From ABC Science Online, 30 May 2014:
Large coral reefs have acted as survival centres for fish biodiversity during periods of climatic upheaval, explaining the extraordinary biodiversity present in the Indo-Pacific region.
The findings appear in an international study published today in the journal Science.
Researchers used sediment core data to map the changing distribution of coral reefs around the world over the past three million years, examining sea surface temperatures and compared how these correlated with fish biodiversity today.
“The main purpose of this was to examine the role that coral reef habitat has played through time in preserving biodiversity in the marine environment,” says co-author and evolutionary biologist Dr Peter Cowman, formerly of the Australian National University and now Yale University.
Their data suggests that the huge network of coral reefs stretching from the northern coast of Australia up through Indonesia and the Philippines has protected and nurtured fish biodiversity through more than thirty interglacial cycles of major cooling and warming — including rising and falling sea levels — over three million years.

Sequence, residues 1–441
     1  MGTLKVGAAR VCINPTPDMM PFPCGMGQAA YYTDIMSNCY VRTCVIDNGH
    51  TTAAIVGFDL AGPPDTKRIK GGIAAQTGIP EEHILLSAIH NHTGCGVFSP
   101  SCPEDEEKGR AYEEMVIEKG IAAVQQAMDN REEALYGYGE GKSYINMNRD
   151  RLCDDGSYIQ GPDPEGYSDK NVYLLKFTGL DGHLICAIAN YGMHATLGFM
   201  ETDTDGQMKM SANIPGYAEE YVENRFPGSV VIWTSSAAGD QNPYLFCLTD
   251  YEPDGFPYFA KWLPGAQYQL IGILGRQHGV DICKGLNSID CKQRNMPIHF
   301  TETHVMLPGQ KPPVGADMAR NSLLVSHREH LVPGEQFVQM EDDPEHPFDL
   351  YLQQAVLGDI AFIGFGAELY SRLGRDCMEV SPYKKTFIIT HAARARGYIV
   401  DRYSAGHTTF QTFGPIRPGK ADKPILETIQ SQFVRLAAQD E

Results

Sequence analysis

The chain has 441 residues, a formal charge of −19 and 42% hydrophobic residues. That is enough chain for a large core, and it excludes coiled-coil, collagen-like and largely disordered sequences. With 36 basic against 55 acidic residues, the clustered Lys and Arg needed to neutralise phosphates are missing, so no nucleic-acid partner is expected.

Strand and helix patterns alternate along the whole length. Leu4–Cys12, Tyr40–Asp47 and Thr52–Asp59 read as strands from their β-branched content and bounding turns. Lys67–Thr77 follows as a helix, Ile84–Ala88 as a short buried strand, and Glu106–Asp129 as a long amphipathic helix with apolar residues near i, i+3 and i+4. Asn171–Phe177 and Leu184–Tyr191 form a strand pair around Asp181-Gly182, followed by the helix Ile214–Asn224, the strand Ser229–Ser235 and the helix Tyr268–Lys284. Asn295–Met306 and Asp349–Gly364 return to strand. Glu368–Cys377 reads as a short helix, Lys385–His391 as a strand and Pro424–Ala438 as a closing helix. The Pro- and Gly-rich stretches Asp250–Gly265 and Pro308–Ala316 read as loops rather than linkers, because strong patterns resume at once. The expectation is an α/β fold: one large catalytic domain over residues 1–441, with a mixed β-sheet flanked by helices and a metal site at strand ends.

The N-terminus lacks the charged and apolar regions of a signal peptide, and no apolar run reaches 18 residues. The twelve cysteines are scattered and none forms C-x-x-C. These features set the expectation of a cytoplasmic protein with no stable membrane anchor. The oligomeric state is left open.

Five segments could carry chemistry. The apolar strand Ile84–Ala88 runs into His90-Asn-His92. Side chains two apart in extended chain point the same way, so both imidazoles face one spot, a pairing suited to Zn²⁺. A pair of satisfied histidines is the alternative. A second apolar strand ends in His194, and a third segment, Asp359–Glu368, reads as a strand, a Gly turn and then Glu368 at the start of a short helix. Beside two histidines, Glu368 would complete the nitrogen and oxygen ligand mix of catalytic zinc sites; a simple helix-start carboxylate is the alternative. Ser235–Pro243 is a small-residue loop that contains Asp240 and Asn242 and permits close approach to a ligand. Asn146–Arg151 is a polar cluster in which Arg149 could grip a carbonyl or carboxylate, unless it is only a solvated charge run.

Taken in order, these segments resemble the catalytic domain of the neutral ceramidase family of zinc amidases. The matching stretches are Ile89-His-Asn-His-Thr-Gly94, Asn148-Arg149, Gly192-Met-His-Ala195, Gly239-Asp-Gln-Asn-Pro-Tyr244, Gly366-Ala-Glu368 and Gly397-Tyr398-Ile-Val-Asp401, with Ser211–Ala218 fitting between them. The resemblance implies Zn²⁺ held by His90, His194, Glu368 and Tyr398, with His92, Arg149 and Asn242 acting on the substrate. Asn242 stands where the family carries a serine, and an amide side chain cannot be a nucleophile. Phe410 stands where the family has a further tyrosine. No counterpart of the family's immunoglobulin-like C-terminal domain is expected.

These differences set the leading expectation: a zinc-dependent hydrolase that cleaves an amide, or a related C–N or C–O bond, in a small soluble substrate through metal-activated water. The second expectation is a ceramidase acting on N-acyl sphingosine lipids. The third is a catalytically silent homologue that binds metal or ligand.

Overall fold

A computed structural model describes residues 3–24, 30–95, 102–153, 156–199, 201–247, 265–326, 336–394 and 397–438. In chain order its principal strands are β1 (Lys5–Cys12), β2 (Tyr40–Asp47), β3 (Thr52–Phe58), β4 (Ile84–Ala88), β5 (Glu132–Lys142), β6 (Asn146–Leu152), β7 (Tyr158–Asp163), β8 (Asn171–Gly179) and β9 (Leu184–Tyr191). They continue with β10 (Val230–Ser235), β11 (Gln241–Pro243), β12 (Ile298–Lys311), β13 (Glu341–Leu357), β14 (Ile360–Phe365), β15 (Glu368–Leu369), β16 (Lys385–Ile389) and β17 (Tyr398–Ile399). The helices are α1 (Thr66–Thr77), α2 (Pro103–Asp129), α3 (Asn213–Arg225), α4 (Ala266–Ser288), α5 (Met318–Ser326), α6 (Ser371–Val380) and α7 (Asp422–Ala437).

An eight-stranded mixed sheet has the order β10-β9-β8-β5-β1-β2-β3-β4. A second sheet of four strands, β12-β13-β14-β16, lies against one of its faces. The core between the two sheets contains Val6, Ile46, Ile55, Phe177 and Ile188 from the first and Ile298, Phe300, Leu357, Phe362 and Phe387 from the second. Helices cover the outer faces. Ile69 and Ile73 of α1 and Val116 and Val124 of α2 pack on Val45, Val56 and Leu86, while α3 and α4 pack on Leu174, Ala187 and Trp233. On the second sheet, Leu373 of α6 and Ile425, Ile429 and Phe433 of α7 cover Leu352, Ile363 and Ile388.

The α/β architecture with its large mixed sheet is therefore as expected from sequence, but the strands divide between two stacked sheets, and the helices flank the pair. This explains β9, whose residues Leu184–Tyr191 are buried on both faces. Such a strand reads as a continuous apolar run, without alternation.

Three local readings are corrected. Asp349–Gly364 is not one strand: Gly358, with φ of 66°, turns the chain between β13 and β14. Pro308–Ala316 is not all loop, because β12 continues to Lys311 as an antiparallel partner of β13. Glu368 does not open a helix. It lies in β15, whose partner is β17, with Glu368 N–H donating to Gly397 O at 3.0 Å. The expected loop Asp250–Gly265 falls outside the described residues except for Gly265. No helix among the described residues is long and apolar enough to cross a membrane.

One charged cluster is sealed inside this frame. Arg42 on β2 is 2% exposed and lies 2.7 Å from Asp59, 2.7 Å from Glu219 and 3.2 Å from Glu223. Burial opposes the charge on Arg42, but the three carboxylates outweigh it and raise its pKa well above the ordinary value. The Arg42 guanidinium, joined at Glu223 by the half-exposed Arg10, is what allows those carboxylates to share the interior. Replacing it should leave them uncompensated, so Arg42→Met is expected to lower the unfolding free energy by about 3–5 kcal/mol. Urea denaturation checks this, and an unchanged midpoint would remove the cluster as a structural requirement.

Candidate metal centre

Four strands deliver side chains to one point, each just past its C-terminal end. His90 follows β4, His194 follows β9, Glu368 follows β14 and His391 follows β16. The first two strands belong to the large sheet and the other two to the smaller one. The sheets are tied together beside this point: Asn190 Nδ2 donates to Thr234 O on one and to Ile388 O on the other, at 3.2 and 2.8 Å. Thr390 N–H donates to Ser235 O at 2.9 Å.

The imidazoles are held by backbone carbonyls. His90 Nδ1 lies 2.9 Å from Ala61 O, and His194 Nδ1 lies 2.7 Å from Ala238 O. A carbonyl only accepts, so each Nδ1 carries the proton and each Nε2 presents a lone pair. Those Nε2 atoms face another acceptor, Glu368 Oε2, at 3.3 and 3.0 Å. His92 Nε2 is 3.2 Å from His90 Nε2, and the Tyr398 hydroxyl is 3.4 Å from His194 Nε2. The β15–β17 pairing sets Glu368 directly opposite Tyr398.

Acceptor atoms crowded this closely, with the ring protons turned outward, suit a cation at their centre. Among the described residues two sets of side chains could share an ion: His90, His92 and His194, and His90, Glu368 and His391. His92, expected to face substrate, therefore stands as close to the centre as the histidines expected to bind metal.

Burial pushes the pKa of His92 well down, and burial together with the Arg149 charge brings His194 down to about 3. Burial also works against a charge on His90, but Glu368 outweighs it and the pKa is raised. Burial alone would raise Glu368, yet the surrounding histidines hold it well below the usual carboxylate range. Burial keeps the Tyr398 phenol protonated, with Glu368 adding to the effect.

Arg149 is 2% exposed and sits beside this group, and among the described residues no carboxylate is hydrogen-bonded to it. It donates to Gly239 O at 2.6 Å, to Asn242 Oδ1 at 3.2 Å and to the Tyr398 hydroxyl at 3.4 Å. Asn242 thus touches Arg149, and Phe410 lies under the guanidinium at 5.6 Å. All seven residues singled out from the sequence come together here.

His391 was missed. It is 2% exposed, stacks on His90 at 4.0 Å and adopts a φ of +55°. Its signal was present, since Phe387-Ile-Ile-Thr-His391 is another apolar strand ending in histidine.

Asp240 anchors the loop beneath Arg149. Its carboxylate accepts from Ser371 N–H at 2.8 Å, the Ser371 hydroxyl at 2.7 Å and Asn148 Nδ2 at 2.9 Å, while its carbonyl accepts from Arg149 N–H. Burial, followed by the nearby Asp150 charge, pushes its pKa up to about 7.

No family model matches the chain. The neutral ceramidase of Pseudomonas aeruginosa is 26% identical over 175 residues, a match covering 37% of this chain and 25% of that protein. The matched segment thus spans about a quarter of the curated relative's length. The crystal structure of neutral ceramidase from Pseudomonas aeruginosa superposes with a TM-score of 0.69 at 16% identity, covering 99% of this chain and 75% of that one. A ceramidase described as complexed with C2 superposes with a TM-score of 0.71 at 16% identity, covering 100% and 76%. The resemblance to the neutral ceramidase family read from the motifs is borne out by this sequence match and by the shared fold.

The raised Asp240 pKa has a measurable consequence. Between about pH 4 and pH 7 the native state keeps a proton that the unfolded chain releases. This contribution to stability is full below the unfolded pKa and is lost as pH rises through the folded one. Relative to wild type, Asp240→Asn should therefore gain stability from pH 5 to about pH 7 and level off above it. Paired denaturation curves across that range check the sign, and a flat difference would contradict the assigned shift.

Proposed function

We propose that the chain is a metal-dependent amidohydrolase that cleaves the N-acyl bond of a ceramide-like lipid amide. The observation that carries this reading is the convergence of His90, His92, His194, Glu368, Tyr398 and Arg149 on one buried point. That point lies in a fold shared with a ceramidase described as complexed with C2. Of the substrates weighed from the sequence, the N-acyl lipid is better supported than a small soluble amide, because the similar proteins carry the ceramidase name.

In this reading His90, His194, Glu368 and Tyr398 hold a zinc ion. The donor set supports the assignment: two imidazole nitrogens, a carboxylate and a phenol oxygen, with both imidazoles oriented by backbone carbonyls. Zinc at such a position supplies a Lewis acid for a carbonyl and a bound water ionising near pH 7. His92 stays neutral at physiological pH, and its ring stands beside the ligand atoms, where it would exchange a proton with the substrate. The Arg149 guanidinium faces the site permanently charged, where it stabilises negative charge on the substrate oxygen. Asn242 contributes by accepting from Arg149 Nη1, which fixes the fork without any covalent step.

These stable reefs have also helped to reseed the surrounding habitats when the climate returned to more favourable conditions, Cowman says.
This was evident in the fact that the species found in these protected areas have a much older lineage than fish species outside the refugia, reflecting the fact that the protected species were more likely to survive climate upheaval while those outside were less likely. These older lineages were then able to diversify out into the stable, but fragmented habitat. Read more.